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Canada Alberta sees influx of new residents as Canadians head west

Julie Barron, left, and Michael Zaugg, right, at home with their children Clara Barron, 4, second left, and Matilda Barron, 7, in Edmonton, Alberta on Tuesday, February 7, 2016.

Amber Bracken/The Globe and Mail

Drawn by jobs and pleased with the welcoming atmosphere, Canadians continue to migrate westward.

Census data released on Wednesday by Statistics Canada show that nearly one in three people call the Prairies or British Columbia home, with Alberta staking claim to the most new residents.

Despite a sluggish economy, Calgary and Edmonton were the fastest-growing metropolitan areas in the country from 2011 to 2016, with growth rates of 14.6 and 13.9 per cent.

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Alberta as a whole added 421,918 residents since the last census was taken, an increase in 11.6 per cent. That is more than double the national average of 5 per cent.

When the census was taken on May 10 of last year, Calgary was the fourth-largest metropolitan area in the nation with a population of 1,392,609. Edmonton was sixth at 1,321,426.

The only place in the country where data was collected on a different date was Wood Buffalo, the sprawling regional municipality in northern Alberta that includes Fort McMurray. Figures for there are from May 1, two days before wildfires forced an evacuation of nearly 90,000 people.

"If they had used May 10 for us, our population would have been about 100 or 200 people," Melissa Blake, the Wood Buffalo mayor, said Wednesday.

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There are seemingly as many reasons as there are people for the shift from East to West. Taxes in Alberta remain the most friendly in the country, and the economy remains relatively stable despite a drop in world oil prices that slowed production in the oil sands.

But there is more to it than that.

Michael Zaugg and his wife, Julie Barron, moved from Montreal to Edmonton in 2014 when he accepted a position as conductor and artistic director of Pro Coro Canada, one of the premiere professional choirs in the country.

The couple met in Estonia in their early 20s when they were members of the World Youth Choir. Together for 18 years, they have found life to their liking in Alberta, where they live a short distance across the North Saskatchewan River from the provincial capital building.

"We feel life here as a family is much easier," Mr. Zaugg said between posing for pictures with his wife and their beaming daughters, Matilda, 7, and Clara, 4. "It is more affordable than Montreal, and people are really friendly.

"There is a thriving arts community in Edmonton, and a feeling that anything is possible. I feel there is a certain freedom and more of a possibility to succeed here."

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Mr. Zaugg was commuting between engagements in Montreal, Ottawa, and Edmonton before being chosen as Pro Coro's first conductor-in-residence over 26 other candidates from seven countries. He is originally from Switzerland.

"This was a chance for Michael to simplify his working life," Ms. Barron said.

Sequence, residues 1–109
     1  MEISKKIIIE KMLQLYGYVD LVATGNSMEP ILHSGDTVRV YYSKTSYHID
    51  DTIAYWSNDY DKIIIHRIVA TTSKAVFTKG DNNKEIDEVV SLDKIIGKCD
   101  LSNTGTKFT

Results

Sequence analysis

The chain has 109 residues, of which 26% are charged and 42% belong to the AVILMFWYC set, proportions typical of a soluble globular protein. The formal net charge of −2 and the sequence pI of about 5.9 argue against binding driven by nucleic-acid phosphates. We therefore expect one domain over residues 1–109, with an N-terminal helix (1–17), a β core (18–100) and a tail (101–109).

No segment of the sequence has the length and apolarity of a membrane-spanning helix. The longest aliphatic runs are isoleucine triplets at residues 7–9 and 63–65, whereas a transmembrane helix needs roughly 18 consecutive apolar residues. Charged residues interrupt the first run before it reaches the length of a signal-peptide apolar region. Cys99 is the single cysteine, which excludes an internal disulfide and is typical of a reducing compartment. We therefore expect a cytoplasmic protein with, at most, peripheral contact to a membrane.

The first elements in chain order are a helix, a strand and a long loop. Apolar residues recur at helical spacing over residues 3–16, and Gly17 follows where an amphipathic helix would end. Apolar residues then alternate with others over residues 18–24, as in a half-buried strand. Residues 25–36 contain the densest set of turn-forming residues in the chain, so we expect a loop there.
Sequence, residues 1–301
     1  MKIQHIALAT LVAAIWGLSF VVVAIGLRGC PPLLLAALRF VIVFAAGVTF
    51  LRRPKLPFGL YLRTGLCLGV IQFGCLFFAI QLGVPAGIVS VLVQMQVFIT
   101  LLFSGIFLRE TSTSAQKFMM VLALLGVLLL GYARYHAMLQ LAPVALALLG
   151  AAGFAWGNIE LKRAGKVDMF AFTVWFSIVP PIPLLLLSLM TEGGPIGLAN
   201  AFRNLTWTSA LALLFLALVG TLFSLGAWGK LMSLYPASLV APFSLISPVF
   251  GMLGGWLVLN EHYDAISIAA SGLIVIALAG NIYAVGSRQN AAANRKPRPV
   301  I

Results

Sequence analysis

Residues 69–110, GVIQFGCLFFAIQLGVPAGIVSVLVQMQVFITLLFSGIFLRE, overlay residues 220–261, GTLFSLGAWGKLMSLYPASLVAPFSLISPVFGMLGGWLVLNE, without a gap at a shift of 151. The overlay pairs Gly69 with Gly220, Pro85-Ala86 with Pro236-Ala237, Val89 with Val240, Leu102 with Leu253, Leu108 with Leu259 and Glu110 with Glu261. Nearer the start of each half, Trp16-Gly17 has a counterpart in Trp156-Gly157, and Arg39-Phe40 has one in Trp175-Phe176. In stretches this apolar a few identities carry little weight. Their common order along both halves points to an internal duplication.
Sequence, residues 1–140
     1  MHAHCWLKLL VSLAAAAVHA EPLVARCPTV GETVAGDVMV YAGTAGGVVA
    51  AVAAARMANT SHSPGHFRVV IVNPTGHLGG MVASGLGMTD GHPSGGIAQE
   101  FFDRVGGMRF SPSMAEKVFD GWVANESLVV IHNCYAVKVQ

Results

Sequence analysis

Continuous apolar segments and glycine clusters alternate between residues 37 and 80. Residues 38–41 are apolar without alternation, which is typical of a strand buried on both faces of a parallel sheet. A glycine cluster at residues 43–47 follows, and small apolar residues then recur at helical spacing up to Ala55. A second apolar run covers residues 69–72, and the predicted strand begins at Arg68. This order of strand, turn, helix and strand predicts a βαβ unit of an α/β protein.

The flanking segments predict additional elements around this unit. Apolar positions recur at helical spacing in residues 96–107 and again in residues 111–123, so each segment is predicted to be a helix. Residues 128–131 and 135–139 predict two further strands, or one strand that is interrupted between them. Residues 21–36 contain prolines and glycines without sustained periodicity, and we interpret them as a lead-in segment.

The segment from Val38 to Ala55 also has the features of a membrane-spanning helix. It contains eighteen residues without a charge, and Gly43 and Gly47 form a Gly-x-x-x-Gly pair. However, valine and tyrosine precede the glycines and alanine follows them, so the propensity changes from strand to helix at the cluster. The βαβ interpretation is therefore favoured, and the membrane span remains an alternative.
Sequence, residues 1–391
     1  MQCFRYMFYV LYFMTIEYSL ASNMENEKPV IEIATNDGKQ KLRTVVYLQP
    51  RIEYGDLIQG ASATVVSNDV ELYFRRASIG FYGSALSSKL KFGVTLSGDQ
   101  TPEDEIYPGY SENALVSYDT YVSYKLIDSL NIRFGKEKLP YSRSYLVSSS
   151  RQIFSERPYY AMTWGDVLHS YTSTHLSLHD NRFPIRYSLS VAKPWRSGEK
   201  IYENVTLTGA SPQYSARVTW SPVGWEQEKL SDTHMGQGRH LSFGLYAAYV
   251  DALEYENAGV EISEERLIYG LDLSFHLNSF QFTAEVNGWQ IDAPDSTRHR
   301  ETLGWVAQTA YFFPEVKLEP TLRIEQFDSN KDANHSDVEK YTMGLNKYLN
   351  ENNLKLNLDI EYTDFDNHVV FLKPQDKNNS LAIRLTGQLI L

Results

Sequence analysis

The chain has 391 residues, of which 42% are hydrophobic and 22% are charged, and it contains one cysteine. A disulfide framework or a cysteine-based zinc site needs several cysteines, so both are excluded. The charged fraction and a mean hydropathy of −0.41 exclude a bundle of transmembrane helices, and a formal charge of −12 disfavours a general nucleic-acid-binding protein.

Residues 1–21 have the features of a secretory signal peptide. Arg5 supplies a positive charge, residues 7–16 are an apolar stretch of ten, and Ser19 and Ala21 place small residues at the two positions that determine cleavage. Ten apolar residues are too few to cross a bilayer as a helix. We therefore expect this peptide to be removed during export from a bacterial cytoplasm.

She works as an executive recruiter in Edmonton. In Montreal, she served as a talent scout for Cirque du Soleil, helping cast singers, actors, and clowns.

"When we moved here from Montreal, we didn't know anyone," Ms. Barron said. "It was like walking off a cliff."

Visiting a mall in Edmonton for the first time, she was pleasantly surprised by how outgoing people were.

"Matilda asked me, 'Mom, why are all these people talking to us?' " Ms. Barron said.

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In December of 2015, Eddie Robar moved to Edmonton from Halifax with his wife and three daughters to accept a position as a city transit manager.

"It has been an awesome experience," Mr. Robar said. "I don't think we will ever leave."

Mr. Robar said he is unsurprised that Canadians keep streaming to the West. He said utility costs are significantly lower in Alberta than what he paid in Nova Scotia, and that he and his wife love the family atmosphere and opportunities for recreation.

"I don't think the benefits of living in Alberta are well-known across the country," he said. "I'm really waving the Western flag. I'm getting more people to move out here."

After nearly five years away, Jennifer Dupilka and her husband, Shaun, moved back to Fort McMurray from Sarnia, Ont., in 2015. Both work for an energy company in the oil sands. Shaun comes from a small town near Fort McMurray, while Jennifer is from northern British Columbia.

They had to evacuate during last May's fires, but don't regret returning to Fort McMurray.

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"It is home," Ms. Dupilka said. "We have strong ties."

The population of the Regional Municipality of Wood Buffalo, which has ranked among the fastest-growing places in the country for the last decade, was recorded in the federal census as 73,320. That is an increase of 9.6 per cent since 2011, but still below what officials say is accurate.

A municipal census conducted in 2015 that set the permanent population at 81,948, with an additional 43,084 people residing in work camps in the oil patch.

The federal figures do not account for that "shadow" population because most are from somewhere else, and they cannot be counted in the census twice. But those workers add to the stress that is being felt by the region's infrastructure, Mayor Blake said.

"I want to credit the census people for the extra effort they put in, and for changing the date for us to May 1," Ms. Blake said. "But we're no farther ahead on the curve than we were five years ago.

"My reaction is one of concern over the number not reflecting the overall population here."

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